The distanciation (or its opposite: approximation) that interests the authors of Trás-os-Montes occurs in the here and now of the present. It is not the desolate dust of what is buried, the grievance of time passing by or the presentation of treasures that serve no-one (if not a necrophiliac audience, in the service of the “Knowledge of the World”). It is a much more demanding operation: to point out what in the shot (a zone of dream and anguish, I remind you) refers to elsewhere and in doing so construct, little by little, what we might call “the cinematic state of a province”. And in order to do that, Reis and Cordeiro above all do not start from the fact of the official existence of Trás-os-Montes (one of geographical maps or the bureaucracy of Lisbon), but from the opposite: from the excavation, the introcision of each “shot”, like the river already mentioned hollowing out its streamline between Spain and Germany and making its way into Portugal.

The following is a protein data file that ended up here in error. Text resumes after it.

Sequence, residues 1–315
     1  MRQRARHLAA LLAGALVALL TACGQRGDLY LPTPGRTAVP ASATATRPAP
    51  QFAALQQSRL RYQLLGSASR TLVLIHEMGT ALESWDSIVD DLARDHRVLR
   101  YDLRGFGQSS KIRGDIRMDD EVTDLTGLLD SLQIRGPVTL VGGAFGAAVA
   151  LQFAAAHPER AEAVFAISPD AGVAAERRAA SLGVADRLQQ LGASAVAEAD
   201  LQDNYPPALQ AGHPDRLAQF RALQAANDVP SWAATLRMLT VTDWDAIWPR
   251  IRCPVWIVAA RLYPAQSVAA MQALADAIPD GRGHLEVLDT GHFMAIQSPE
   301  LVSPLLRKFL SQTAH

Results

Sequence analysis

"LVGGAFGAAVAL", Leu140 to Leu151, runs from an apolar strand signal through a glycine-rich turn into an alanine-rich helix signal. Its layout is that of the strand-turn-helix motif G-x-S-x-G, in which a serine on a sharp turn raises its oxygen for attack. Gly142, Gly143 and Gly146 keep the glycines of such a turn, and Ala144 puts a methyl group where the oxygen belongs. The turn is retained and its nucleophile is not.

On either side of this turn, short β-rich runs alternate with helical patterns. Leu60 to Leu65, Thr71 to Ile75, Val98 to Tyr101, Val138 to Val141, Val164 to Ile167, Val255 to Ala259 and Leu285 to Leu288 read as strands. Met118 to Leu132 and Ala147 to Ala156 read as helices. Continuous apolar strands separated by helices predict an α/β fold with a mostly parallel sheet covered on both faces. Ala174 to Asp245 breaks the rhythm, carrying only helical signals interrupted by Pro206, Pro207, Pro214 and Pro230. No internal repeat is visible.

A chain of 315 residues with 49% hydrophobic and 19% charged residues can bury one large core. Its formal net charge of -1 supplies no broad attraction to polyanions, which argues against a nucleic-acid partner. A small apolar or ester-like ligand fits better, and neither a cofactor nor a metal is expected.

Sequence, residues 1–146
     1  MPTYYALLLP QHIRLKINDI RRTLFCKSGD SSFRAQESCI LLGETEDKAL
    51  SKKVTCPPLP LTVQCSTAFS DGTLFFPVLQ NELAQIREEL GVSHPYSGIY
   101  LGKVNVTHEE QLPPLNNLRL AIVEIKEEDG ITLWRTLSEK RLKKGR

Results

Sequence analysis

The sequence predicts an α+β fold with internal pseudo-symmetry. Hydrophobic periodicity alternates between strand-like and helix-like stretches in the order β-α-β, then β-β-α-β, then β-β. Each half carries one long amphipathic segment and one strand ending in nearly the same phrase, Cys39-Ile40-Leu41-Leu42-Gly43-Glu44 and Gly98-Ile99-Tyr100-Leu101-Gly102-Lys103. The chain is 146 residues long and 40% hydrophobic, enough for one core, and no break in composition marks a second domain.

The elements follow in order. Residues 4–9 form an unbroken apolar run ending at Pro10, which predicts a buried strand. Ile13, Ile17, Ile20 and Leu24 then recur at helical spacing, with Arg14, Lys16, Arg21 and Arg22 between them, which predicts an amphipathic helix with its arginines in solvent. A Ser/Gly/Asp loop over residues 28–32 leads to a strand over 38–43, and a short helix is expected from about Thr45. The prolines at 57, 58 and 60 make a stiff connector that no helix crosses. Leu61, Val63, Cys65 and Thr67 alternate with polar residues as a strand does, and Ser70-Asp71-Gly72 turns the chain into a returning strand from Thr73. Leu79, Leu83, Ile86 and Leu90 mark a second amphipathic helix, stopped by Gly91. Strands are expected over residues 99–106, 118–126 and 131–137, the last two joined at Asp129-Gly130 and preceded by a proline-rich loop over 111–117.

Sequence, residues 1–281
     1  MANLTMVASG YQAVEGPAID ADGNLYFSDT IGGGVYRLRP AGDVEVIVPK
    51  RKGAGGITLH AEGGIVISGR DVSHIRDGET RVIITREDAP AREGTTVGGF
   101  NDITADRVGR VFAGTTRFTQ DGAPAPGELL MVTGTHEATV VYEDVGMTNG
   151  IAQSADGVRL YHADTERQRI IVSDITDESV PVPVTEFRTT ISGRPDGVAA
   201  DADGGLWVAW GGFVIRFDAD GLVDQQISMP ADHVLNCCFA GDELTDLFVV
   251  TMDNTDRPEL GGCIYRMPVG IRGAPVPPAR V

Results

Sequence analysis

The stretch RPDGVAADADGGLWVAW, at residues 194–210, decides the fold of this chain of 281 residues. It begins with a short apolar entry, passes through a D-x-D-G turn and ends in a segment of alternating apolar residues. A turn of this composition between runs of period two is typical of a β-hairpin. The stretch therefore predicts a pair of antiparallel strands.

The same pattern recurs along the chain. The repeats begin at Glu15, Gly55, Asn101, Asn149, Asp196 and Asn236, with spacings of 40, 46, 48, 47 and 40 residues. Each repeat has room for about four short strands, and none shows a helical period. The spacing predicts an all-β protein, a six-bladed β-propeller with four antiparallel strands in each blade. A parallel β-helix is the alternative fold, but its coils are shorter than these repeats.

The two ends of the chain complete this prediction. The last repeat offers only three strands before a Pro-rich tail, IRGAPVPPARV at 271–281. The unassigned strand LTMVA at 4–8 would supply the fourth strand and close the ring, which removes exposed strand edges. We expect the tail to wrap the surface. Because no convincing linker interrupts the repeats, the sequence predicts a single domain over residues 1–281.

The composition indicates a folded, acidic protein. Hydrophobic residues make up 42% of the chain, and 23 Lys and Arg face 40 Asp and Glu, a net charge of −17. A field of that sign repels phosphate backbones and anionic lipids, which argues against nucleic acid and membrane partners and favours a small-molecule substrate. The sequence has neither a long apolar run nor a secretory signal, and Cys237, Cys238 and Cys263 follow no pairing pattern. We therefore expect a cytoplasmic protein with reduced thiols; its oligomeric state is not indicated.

Distanciation is not only a theme (about which we can chatter, demonstrate knowledge or forge some criticism), it is also the matter of the film Trás-os-Montes. The muffled enonciation of each shot utters the same question: are there different degrees in the off? Can we be more (Alemanha) or less (Spanha) off? In other words, what is the status – the quality of being – of what comes out of the shot (of what it expresses and expels)? We guess that the answer that we give is this one (the entire enjoyment of cinema depends on it): in the off, there are no degrees. When you are far away, even if it is at the next door, in cinema, you are forever lost. This is how could be summed up, in a typically obsessive formula, the dialectics of the in and off in modern cinema. And one should add, for the indetermination to be complete: and if you come back, what can prove to me that it is still you?